# how is zooming done in computer graphics

Since a projection plane and a center of projection is used for achieving perspective projection, the shape of the view frustum doesn't change changing the focal length(which is the distance from the center of projection to the plane of projection i.e. the screen or buffer)

Then how is zooming done in computer graphics? It is mentioned in my textbook that this is done by changing the size of the view frustum and that the relationship that field of view is inversely proportional to the zoom holds(somehow I don't know) but looks to me more like a bit conterintuitive, e.g.:

• Your virtual camera film becomes smaller, but your screen remains the same size, meaning that a smaller region of the world is projected on the same area of the screen - that is a zoomed in region. Feb 17 '20 at 11:26
• @lightxbulb , does focal distance and focal length refer to the same thing in CG? It seems to be different in photography , because in my textbook it is mentioned that when you change the focal distance you also change the frustum, but that doesn't change if you change the plane of projection. Do you instead change the center of projection to change the focal distance(or is it focal length), could you please explain a bit about these? Feb 17 '20 at 11:41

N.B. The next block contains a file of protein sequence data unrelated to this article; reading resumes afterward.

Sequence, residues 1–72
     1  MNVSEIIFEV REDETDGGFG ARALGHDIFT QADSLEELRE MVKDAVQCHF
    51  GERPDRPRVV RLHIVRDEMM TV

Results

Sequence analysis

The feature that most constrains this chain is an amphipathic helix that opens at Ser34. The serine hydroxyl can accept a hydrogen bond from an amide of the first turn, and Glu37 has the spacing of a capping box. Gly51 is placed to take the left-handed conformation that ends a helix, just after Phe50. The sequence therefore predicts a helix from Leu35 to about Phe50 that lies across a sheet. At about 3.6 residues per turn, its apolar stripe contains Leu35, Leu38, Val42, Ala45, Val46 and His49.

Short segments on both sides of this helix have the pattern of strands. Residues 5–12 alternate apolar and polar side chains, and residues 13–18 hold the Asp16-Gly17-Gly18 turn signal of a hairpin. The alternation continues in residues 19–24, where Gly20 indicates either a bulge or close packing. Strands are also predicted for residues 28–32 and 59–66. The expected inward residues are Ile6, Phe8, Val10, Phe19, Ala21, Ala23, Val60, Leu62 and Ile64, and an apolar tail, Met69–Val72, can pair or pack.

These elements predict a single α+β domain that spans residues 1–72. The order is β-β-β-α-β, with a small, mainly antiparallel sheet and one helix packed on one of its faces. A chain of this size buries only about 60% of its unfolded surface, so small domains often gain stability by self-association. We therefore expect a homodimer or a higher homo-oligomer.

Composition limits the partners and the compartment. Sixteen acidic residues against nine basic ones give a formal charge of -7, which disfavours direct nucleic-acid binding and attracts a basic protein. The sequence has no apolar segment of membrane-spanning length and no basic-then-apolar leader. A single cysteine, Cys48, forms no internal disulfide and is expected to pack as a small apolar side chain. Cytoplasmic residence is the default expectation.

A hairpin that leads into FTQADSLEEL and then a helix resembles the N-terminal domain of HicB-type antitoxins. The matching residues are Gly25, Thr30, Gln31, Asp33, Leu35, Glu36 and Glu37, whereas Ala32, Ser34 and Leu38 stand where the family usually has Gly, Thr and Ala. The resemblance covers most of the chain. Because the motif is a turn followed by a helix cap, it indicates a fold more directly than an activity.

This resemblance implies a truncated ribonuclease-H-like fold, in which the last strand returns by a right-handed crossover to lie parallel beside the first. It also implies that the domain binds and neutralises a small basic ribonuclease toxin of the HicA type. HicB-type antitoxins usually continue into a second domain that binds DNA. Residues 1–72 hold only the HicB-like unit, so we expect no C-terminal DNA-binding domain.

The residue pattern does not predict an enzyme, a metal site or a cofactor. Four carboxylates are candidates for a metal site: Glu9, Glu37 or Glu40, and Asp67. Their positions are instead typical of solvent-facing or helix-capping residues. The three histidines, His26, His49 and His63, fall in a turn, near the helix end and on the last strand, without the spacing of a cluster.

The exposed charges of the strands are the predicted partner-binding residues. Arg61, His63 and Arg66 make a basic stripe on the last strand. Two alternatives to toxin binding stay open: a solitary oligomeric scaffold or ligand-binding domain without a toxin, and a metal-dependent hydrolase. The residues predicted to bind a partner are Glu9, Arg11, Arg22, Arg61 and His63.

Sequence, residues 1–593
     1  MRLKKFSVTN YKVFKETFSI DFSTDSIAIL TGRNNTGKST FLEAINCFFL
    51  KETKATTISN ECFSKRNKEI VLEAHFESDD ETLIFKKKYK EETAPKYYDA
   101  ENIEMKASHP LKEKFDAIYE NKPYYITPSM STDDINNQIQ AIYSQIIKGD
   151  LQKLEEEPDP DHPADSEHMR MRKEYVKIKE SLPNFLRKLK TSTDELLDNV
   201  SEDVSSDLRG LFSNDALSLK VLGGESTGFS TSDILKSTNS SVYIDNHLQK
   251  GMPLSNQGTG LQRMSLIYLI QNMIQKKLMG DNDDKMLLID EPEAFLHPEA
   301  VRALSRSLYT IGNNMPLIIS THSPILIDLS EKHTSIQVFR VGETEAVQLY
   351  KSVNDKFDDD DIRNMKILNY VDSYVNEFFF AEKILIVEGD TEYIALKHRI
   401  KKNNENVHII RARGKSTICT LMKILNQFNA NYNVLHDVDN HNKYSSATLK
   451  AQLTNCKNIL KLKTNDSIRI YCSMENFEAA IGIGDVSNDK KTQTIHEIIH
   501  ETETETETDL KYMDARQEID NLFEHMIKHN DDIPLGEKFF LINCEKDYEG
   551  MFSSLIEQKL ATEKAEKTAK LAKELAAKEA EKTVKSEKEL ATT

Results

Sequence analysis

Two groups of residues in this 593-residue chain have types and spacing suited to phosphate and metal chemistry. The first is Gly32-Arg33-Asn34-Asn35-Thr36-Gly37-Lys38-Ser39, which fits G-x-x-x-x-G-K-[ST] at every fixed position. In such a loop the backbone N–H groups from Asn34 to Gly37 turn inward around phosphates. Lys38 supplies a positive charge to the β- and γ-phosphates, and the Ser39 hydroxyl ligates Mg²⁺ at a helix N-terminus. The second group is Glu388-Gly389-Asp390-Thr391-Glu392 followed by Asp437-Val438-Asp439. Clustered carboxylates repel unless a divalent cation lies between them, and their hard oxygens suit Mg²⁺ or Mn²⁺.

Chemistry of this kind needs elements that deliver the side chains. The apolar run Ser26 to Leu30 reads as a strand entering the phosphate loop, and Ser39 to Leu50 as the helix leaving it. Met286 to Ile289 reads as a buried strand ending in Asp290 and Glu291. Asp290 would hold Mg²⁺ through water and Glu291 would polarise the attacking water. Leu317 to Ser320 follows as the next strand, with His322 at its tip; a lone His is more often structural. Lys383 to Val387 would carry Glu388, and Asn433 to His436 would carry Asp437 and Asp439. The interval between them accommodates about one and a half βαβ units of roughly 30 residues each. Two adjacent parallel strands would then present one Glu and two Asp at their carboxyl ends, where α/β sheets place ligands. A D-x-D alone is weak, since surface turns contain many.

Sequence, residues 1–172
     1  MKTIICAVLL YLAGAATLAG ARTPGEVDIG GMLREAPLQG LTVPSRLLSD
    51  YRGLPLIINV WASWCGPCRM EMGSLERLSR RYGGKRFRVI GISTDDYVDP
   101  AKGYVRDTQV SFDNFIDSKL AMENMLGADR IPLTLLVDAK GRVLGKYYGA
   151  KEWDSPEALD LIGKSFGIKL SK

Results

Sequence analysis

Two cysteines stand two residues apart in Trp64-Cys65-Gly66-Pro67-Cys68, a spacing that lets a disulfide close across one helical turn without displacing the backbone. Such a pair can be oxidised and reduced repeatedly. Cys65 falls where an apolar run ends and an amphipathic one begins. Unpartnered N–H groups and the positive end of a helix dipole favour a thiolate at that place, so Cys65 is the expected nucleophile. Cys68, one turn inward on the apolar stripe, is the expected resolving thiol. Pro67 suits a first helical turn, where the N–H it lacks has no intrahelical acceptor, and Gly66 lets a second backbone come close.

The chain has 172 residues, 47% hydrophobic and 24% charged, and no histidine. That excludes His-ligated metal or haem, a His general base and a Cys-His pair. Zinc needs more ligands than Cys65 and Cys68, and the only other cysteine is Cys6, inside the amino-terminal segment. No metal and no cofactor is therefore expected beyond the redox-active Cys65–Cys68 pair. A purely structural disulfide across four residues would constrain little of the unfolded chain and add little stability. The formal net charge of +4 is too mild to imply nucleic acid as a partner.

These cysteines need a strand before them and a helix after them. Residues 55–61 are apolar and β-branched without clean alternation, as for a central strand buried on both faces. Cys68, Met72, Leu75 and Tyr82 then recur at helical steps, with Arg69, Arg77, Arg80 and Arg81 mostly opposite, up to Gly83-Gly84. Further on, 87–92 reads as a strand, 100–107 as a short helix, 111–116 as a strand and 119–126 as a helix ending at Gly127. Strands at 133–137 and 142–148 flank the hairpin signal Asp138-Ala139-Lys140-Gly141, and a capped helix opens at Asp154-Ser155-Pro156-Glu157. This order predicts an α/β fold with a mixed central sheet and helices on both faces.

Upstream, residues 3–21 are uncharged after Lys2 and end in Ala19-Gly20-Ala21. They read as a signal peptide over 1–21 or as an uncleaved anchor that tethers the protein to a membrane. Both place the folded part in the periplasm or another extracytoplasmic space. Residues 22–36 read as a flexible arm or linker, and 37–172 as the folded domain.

• In this model, you can imagine the virtual film changing size on a fixed plane of projection (which changes the view frustum) or the focal length changing with a fixed virtual film size (also changing the view frustum). When you do the math to project a point on to the film, as a fraction of the size of the film, it works out to be the same, e.g. halving the size of the virtual film or doubling the focal length. Feb 17 '20 at 16:50
• @DanielMGessel , I think the mistake I was making in understand the entire textbook was that I was assuming the plane of projection is the one that is changed, but to increase or decrease d, also the center of projection can be changed, which one is usually changed? Feb 18 '20 at 2:53
• i think of the center of projection as the location of the camera, so to zoom, I imagine moving the plane of projection. However, once you turn it all into matrices, zooming becomes a scale of the projected coordinates and that can be thought of as changing the angles of the frustum! I had to work through the math a few times before it started to sink in. Feb 18 '20 at 4:51